It is a theological fact that God really likes Georgia. That is why He put mountains in North Georgia and the Golden Isles smack up against the Atlantic Ocean and added a bunch of lakes and parks and historical sites in between. Otherwise, we could have been Iran. Or Detroit.
I stopped by last week to visit the man who is entrusted with these assets, Commissioner of the Department of Natural Resources Mark Williams, to get an update. We didn’t talk religion, but I suspect his views on what God did for Georgia pretty much line up with mine.
A former state legislator from Jesup, Williams said, “I have my dream job.”
He also has the qualifications, having served on the committees overseeing our state’s natural resources in the General Assembly before assuming his current post. He has to love his job to leave the friendly confines of Wayne County and spend so much time away from his family.
I asked him why he does it.
The commissioner said, “I love this state, and I want to leave it better that I found it.”
Now, that will preach.
Not only is Georgia blessed with splendid natural resources, those resources are big business. Ecotourism — a term new to me — includes boating, kayaking, bird watching, camping, hunting, fishing and the like and brings in nearly $7 billion to the state annually. Fishing is almost $2 billion of that; hunting, $1 billion.
Our 48 state parks and 15 historic sites generate about 10 million visitors a year and a half-billion dollars. Saltwater fisheries bring another half billion to the state’s economy.
As for protecting those resources, I asked Williams about a piece of legislation, House Bill 42, that has had a number of people along the coast, including me, concerned. The legislation would allow certain construction inside the current boundaries established by Shore Protection and Coastal Marshlands Protection Acts with a letter of permission to be issued by the DNR.
Williams said the bill has been amended to allow temporary activities within the jurisdiction area — such as shooting movies — and for no more than six months. After that time, the area is to be returned to as good or better condition than when the permit was issued. Activities within the physical parameters of an existing structure can be built only with a letter of permission.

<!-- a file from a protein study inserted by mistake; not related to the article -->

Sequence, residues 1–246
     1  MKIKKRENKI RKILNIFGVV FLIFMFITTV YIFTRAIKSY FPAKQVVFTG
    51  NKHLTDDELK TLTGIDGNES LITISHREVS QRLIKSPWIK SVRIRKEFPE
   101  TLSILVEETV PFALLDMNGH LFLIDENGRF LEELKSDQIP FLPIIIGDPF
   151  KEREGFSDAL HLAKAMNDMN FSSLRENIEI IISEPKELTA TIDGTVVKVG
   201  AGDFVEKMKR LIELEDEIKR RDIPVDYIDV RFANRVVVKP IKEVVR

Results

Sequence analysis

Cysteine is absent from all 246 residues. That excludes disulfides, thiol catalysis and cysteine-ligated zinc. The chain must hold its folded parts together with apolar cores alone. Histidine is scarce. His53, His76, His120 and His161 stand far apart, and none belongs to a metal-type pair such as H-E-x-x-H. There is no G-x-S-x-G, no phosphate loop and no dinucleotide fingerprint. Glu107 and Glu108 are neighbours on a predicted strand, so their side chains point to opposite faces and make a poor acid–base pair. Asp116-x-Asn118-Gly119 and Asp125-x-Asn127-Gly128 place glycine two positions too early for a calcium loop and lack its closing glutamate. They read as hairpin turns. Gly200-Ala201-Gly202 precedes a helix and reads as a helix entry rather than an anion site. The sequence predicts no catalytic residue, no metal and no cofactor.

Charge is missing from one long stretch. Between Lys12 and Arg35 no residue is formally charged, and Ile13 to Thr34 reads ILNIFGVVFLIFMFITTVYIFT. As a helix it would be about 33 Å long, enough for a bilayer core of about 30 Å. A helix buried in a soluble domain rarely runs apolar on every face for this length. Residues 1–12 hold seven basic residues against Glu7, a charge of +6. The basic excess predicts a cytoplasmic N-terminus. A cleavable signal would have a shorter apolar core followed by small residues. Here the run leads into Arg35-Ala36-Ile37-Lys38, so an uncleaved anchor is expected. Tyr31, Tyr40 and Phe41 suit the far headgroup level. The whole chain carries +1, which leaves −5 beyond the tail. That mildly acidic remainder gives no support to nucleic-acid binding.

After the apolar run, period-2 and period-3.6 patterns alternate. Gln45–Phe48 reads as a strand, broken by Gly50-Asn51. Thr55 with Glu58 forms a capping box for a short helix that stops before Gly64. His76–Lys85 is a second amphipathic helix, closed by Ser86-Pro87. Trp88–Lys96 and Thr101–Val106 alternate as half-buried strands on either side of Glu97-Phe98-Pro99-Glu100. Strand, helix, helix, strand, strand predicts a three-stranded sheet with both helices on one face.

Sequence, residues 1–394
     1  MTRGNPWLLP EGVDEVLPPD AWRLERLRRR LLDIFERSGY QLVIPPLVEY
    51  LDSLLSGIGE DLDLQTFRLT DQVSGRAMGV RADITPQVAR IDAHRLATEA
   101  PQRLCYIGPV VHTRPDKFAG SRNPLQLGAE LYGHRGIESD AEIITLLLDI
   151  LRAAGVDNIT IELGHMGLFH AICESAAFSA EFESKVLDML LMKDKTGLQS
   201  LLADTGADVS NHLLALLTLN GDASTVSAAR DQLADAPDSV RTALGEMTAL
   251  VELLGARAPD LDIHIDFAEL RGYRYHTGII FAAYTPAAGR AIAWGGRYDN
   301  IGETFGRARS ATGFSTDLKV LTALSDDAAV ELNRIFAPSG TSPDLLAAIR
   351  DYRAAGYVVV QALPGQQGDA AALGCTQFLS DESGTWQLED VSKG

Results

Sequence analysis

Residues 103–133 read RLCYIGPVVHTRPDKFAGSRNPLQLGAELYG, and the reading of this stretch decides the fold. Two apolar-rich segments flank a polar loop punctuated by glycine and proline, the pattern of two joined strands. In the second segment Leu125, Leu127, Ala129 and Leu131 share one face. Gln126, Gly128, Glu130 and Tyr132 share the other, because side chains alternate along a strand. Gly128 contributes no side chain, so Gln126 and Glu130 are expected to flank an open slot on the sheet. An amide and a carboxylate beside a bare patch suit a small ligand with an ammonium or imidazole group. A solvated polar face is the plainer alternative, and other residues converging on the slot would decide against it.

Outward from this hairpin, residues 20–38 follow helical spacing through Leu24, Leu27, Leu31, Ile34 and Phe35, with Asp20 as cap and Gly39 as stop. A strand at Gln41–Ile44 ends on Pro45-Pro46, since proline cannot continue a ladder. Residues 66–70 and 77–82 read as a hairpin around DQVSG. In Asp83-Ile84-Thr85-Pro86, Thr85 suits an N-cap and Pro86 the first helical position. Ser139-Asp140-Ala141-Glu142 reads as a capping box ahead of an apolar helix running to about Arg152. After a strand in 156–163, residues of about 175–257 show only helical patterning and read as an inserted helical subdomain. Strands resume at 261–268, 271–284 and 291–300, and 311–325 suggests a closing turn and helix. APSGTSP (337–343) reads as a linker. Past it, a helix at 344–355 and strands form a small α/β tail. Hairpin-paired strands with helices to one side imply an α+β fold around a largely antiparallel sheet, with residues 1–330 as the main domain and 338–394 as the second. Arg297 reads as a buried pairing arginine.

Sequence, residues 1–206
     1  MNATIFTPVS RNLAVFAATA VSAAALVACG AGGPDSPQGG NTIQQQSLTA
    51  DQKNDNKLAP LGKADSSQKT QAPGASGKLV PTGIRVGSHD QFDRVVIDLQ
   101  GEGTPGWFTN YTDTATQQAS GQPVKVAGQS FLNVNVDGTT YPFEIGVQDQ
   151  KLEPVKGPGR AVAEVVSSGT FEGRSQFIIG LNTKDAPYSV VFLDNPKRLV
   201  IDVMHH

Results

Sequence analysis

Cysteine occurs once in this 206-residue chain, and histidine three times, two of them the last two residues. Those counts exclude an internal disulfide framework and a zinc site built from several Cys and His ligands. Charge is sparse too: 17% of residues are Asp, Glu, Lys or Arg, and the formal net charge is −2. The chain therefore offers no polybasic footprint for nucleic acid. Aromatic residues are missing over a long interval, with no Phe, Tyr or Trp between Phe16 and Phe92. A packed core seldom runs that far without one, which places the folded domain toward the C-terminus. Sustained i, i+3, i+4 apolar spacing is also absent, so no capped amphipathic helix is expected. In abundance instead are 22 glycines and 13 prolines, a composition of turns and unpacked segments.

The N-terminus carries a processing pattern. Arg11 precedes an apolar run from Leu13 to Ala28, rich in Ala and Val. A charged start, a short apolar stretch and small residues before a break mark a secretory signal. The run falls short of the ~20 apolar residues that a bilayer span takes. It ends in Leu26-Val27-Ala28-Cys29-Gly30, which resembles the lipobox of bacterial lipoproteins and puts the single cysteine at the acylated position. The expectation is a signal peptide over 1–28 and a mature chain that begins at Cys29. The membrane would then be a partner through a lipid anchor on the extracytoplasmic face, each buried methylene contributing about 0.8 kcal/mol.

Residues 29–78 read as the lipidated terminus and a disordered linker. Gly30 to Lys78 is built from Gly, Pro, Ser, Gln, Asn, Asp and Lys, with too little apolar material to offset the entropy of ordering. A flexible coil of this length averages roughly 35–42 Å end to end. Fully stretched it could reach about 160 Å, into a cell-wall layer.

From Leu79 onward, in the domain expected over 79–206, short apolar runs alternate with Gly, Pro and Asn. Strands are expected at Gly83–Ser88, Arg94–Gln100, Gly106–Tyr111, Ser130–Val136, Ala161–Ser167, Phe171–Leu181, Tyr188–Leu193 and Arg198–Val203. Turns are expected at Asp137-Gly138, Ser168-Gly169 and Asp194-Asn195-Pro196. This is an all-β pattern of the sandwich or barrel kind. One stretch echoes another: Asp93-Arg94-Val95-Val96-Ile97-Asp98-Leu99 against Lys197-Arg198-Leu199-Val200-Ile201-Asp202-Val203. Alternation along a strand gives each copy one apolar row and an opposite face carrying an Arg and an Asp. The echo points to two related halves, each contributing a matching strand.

If the Legislature and the DNR plans to amend the Coastal Marshland Protection and Shore Protection acts next session, as I am told they may, they are going to need to do a better job of telling us what they plan to do and why. The coastline belongs to all of us.
Another bill, Senate Bill 136, which has sailed through the Legislature, concerns boating safety and is long overdue. The measure will require more stringent boater education and brings boating under the influence and hunting under the influence more in line with driving under the influence and with more severe penalties. Too many lives have been lost because of ignorant yahoos who should never have been operating a boat in the first place.
I asked the commissioner what he would like to say to you about Georgia’s natural beauty.
He said, “I would ask them to please help us with the stewardship of our resources.”
He is right as rain. Preserving our abundant resources and passing them along for future generations to enjoy is as much our responsibility as it is the 1,600 employees of DNR. The state belongs to us all. Enjoy what we have. Keep it clean. Respect the environment.
As for me, Williams wanted to be sure I knew of the success of the “Go Fish Center” in Perry, which has been one of my favorite targets since it was birthed — or was it “hatched?” — by former Gov. George E. Perdue. He says the facility, which is operated by his department has had more than 40,000 visitors from around the country since it opened in late 2010 and more than 6,000 children and adults have participated in education programs there. I said I would tell you that. (He plans to let Perdue know that I did. My job can be very difficult, at times.)
My talk with Williams was a good one and convinced me more than ever how blessed we are to live in Georgia with such glorious natural resources. Could you imagine having this conversation in Iran? Or Detroit? Thank you, Lord.
You can reach Yarbrough at email@example.com or P.O. Box 725373, Atlanta, GA 31139.